Muslim teen in Catholic school earns respect, acceptance from students and faculty alike
PITTSBURGH, Pa. (Pittsburgh Catholic) - It’s easy to see why Amanda Jaber stands out at Quigley Catholic High School in Baden.
She’s personable, and her leadership qualities are evident. She is president of the student council and has been class president in each of her four years. She’s also a member of the National Honor Society and has been on the basketball, softball and soccer teams.
There’s also her work as a student mentor and student ambassador.
“She’s a go-getter,” said teacher Karen O’Brien. “Nothing is going to stand in her way.”
Jaber also takes part in the spiritual aspects of the school. She was among the offertory gift-bearers during a recent Mass welcoming back Bishop David Zubik.
Her strong presence at Quigley isn’t earth-shattering in itself. What is surprising is that she does it as a member of the Islamic faith.
“She is a very mature young woman who loves her family and has a great respect for her parents, grandparents and her native culture,” said Dr. Madonna Helbling, school principal. “She is able to make judgments and decisions that show respect for her beliefs as well as the beliefs of her friends.”
Quality attracted her to Catholic school
Jaber attended grades five through eight at St. John the Baptist in Monaca. She was prepared to attend a public high school before she began looking into Quigley Catholic. She was attracted by the quality of education that she would receive.
She said her parents were initially worried about her decision, but they supported it when she explained it from a scholarly perspective.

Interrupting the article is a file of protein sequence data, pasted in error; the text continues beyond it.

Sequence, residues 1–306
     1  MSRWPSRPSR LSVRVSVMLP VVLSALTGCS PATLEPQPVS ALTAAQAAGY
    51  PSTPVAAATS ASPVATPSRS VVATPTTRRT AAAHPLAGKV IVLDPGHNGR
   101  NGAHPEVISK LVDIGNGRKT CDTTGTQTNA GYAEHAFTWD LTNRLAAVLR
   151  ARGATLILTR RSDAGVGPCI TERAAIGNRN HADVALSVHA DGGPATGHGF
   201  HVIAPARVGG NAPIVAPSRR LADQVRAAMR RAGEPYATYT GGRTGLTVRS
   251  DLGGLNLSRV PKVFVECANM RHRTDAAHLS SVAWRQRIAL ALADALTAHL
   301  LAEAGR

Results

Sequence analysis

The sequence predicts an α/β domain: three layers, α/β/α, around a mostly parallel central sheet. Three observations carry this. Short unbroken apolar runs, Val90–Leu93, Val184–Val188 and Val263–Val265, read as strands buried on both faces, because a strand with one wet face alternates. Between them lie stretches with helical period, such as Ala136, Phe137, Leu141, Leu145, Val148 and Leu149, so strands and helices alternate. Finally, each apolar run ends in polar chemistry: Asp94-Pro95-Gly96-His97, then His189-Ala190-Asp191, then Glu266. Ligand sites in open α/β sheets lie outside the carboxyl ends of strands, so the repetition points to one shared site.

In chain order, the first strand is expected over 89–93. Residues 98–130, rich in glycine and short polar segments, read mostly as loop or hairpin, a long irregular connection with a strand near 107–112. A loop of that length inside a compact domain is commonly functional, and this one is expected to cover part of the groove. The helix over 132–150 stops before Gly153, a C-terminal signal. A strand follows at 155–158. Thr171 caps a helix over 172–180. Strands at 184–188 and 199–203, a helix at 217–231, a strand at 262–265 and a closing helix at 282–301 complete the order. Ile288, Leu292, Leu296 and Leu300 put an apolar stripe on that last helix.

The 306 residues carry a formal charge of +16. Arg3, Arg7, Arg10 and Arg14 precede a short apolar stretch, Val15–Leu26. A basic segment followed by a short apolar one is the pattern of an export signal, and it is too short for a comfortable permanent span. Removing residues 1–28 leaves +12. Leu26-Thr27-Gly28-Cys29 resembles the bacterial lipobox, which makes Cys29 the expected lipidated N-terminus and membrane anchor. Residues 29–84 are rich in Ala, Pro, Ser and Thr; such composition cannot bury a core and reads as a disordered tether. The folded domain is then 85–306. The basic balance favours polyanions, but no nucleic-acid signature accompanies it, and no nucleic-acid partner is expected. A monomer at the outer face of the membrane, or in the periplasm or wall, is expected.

“It’s the best decision I could’ve made, hands down,” she said. “I don’t know where I’d be if I wasn’t here, but I can’t imagine it being any better.”
Jaber noted that while her initial decision to attend Quigley was purely academic, she has come to love the school for what she has learned outside the classroom. She said the students and staff reflect respect and sincerity, and she feels comfortable in the family atmosphere in which people can relate to one another on a personal level.
She said she has come to appreciate the Catholic faith for its teaching to love one another and refrain from being self-centered.
Jaber said it parallels her faith in a number of ways.
She noted that while she has been surprised at how little most people know about Islam, she is appreciative that her fellow students have allowed her to share it.
“I love the fact that they’re so open to learning about my faith,” she said. “They all know they can ask me any question they want without offending me.”
One fellow student has asked her to teach him Arabic.
Jaber said that with so many negative images surrounding the Islamic faith, it’s important for students to know someone who can prove the stereotypes wrong and change their perception.
O’Brien pointed out that Jaber has been helpful in explaining aspects of Islamic culture, including the celebration of Ramadan.
“She brings a unique perspective to the class in how she sees different things,” she said. “Not only religiously, but creatively.”
O’Brien added that Jaber has been so willing to participate in religious activities at the school that she didn’t realize Jaber wasn’t Catholic until the subject came up during a class.
Jaber would like to pursue a career in medicine. She will continue her education at another Catholic institution when she enters St. Vincent College in Latrobe in the fall.
“Hopefully, I can deepen my learning about the Catholic faith there,” she said.
This story was made available to Catholic Online by permission of the Pittsburgh Catholic(www.pittsburghcatholic.org), official newspaper of the Dicoese of Pittsburgh,Pa.
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